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DeAngelo, Eustace, Mazzeo, Pintor Marin & Benson Consumer Protection Bills Requiring BPU to Establish Standards for Third-Party Energy Suppliers Clears Senate

(TRENTON) – Two bills sponsored by Assembly Democrats Wayne DeAngelo, Tim Eustace, Vince Mazzeo, Eliana Pintor Marin and Daniel Benson to require the Board of Public Utilities (BPU) to protect consumers by establishing standards and procedures for consumer interaction with third-party electric power and gas companies cleared the full Senate on Thursday.

The legislation is a response to testimony the Assembly Telecommunications and Utilities Committee received from consumer utilities advocates and utilities partners on the need for regulation of third-party providers.

“The deregulated market leveled the playing field for third party competitors and gave consumers the opportunity to shop around for the best rate,” said DeAngelo (D-Mercer/Middlesex), chair of the Assembly Telecommunications and Utilities Committee. “However, it also has raised concerns for many regarding regulation. This legislation will begin to strengthen consumer protection for residents who choose a third party electric power or gas service as their energy provider.”

“Consumers are currently navigating an unregulated third party utilities market,” said Eustace (D-Bergen/Passaic). “There needs to be more transparency in the process. We want consumers to continue to make their own choices with clear rules and regulations in place to guard residents who enter into these contracts with suppliers.”

One measure (A-3849) requires the BPU to provide consumer information on third-party electric power and gas supplier pricing and services. Under the bill, the BPU will provide consumers with access to comparison information for electric generation and gas supply services, in addition to other information the board finds appropriate.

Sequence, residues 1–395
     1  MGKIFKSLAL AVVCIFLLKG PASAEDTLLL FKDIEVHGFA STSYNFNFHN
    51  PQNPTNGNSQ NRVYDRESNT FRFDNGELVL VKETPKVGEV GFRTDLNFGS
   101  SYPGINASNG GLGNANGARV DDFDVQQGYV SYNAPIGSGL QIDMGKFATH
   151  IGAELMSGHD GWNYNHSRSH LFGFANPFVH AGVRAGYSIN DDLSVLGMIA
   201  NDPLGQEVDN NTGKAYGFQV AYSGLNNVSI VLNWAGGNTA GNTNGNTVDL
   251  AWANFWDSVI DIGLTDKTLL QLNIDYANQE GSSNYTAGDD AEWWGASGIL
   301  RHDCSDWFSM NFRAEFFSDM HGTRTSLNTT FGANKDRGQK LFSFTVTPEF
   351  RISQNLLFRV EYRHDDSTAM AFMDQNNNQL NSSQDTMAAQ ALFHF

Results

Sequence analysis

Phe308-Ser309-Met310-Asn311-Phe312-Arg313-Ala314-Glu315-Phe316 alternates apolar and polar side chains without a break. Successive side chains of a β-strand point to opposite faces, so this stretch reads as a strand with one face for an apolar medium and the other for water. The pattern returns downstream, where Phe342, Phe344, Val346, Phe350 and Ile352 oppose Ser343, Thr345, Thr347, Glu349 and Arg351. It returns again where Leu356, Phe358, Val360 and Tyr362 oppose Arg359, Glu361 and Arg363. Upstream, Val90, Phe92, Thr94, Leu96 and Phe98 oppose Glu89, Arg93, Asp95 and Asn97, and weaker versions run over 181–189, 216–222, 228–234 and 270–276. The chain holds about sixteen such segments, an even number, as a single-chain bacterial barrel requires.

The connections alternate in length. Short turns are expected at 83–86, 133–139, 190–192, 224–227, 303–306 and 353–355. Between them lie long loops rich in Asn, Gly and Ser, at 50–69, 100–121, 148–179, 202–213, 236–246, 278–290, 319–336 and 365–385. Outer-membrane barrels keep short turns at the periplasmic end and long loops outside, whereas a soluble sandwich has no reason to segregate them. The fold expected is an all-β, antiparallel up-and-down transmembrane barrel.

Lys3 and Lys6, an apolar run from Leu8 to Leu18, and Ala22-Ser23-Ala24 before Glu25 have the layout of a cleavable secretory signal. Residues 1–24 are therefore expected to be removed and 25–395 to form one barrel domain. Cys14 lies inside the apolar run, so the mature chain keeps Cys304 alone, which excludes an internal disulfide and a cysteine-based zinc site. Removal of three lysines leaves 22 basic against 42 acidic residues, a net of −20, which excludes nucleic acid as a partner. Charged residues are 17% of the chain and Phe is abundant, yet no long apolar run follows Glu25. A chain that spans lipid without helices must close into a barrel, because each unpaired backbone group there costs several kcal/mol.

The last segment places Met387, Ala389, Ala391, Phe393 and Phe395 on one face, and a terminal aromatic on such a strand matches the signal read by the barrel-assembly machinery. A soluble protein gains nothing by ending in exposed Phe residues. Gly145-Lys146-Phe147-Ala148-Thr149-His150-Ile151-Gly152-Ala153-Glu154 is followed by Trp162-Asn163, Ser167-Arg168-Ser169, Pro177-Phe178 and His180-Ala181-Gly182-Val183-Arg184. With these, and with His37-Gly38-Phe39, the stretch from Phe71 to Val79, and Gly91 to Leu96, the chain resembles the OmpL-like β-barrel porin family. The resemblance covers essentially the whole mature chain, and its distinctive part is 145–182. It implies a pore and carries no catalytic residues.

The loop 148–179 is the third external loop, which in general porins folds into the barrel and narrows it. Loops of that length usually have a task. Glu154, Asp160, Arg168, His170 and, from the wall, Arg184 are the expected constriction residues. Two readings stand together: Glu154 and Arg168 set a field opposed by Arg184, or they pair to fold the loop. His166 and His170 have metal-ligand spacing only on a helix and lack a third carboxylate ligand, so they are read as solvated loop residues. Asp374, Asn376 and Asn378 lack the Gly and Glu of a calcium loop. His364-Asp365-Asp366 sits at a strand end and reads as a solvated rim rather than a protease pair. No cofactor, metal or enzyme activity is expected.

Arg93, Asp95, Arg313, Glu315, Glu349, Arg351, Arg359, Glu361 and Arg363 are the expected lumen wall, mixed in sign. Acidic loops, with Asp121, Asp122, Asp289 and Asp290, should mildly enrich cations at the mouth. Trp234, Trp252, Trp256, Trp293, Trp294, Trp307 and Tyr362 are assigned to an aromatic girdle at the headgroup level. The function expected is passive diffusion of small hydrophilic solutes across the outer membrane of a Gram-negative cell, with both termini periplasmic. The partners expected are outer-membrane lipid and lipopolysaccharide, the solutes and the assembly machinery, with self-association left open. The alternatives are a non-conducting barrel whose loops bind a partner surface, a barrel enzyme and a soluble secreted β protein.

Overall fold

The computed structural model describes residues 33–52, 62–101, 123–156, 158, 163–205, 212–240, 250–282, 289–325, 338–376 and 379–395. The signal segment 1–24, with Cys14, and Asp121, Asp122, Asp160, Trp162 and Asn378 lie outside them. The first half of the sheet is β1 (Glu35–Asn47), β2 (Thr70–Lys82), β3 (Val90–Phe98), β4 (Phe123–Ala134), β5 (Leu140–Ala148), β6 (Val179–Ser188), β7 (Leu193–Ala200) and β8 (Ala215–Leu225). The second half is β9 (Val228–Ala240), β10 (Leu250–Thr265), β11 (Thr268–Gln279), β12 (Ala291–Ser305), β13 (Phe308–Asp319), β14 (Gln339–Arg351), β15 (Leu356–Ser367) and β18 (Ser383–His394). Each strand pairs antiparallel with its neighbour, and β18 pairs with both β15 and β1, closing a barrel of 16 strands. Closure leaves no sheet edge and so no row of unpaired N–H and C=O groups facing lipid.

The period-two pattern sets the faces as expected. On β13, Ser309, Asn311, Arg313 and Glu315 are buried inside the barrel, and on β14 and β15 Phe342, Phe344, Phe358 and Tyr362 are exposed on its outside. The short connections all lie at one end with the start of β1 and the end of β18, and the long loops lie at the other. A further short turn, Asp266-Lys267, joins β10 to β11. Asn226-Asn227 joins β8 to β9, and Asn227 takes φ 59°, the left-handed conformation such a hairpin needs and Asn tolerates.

“Consumers, especially seniors, ought to have the opportunity to choose utility companies that provide them with quality service at a rate they can afford,” said Mazzeo (D-Atlantic). “This legislation will help protect New Jersey’s ratepayers from unreasonable rate increases and changes to the terms of their contracts.”

The other measure (A-3851) directs the BPU to establish contract standards between customers and third-party electric power and gas suppliers. Under the bill, a contract between a customer and the supplier is to use a 12-point font and state in a 12-point font whether the contract is for a fixed rate or a variable rate. The measure would also require contracts to include an explanation of the difference between a fixed rate and variable rate that is easily understandable by the general public.

“Numerous consumers in New Jersey have testified that they were unaware that they had variable rate contracts and that such contracts could result in them paying rates double or triple what they believed they had agreed to,” said Pintor Marin (D-Essex). “By providing ratepayers with clear outlines of their contracts in terms they can understand, this legislation will go a long way toward increased consumer protection.”

“Consumers who switch to third-party utility companies often are looking to save money, but unfortunately, they later realize that variable rates written into their contracts may end up costing them significantly more over the long run,” said Benson (D-Mercer/Middlesex). “This legislation will make it easier for customers to understand from the start how they will be charged for energy usage.”

The bill also requires suppliers to provide customers with a one-page information sheet summarizing the pertinent terms of the contract in English and Spanish. In addition, the legislation prohibits suppliers from providing the customer’s telephone number, e-mail address or mailing address to other suppliers if the customer’s telephone number appears on the federal or state do-not-call list. The bill would apply to contracts formed or renewed after the bill’s effective date.

The two measures, which passed unanimously in the Assembly in May, were advanced by the Senate Environment and Energy Committee in September. The Senate approved both measures 38-0.